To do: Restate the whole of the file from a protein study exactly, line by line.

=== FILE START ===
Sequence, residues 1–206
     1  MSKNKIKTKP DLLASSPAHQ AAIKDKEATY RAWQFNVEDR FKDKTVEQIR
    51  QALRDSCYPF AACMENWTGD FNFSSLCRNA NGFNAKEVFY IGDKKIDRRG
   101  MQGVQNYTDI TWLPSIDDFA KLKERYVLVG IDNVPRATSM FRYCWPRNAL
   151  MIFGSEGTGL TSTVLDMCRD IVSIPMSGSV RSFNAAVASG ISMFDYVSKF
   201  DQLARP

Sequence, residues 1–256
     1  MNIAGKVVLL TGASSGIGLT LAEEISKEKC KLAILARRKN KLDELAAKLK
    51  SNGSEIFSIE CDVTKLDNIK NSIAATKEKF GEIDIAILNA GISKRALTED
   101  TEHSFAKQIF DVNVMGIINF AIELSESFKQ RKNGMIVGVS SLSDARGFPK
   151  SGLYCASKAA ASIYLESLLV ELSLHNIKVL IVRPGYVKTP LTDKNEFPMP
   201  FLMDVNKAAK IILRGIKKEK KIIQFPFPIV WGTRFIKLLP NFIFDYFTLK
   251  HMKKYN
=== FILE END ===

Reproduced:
Sequence, residues 1–206
     1  MSKNKIKTKP DLLASSPAHQ AAIKDKEATY RAWQFNVEDR FKDKTVEQIR
    51  QALRDSCYPF AACMENWTGD FNFSSLCRNA NGFNAKEVFY IGDKKIDRRG
   101  MQGVQNYTDI TWLPSIDDFA KLKERYVLVG IDNVPRATSM FRYCWPRNAL
   151  MIFGSEGTGL TSTVLDMCRD IVSIPMSGSV RSFNAAVASG ISMFDYVSKF
   201  DQLARP

Sequence, residues 1–256
     1  MNIAGKVVLL TGASSGIGLT LAEEISKEKC KLAILARRKN KLDELAAKLK
    51  SNGSEIFSIE CDVTKLDNIK NSIAATKEKF GEIDIAILNA GISKRALTED
   101  TEHSFAKQIF DVNVMGIINF AIELSESFKQ RKNGMIVGVS SLSDARGFPK
   151  SGLYCASKAA ASIYLESLLV ELSLHNIKVL IVRPGYVKTP LTDKNEFPMP
   201  FLMDVNKAAK IILRGIKKEK KIIQFPFPIV WGTRFIKLLP NFIFDYFTLK
   251  HMKKYN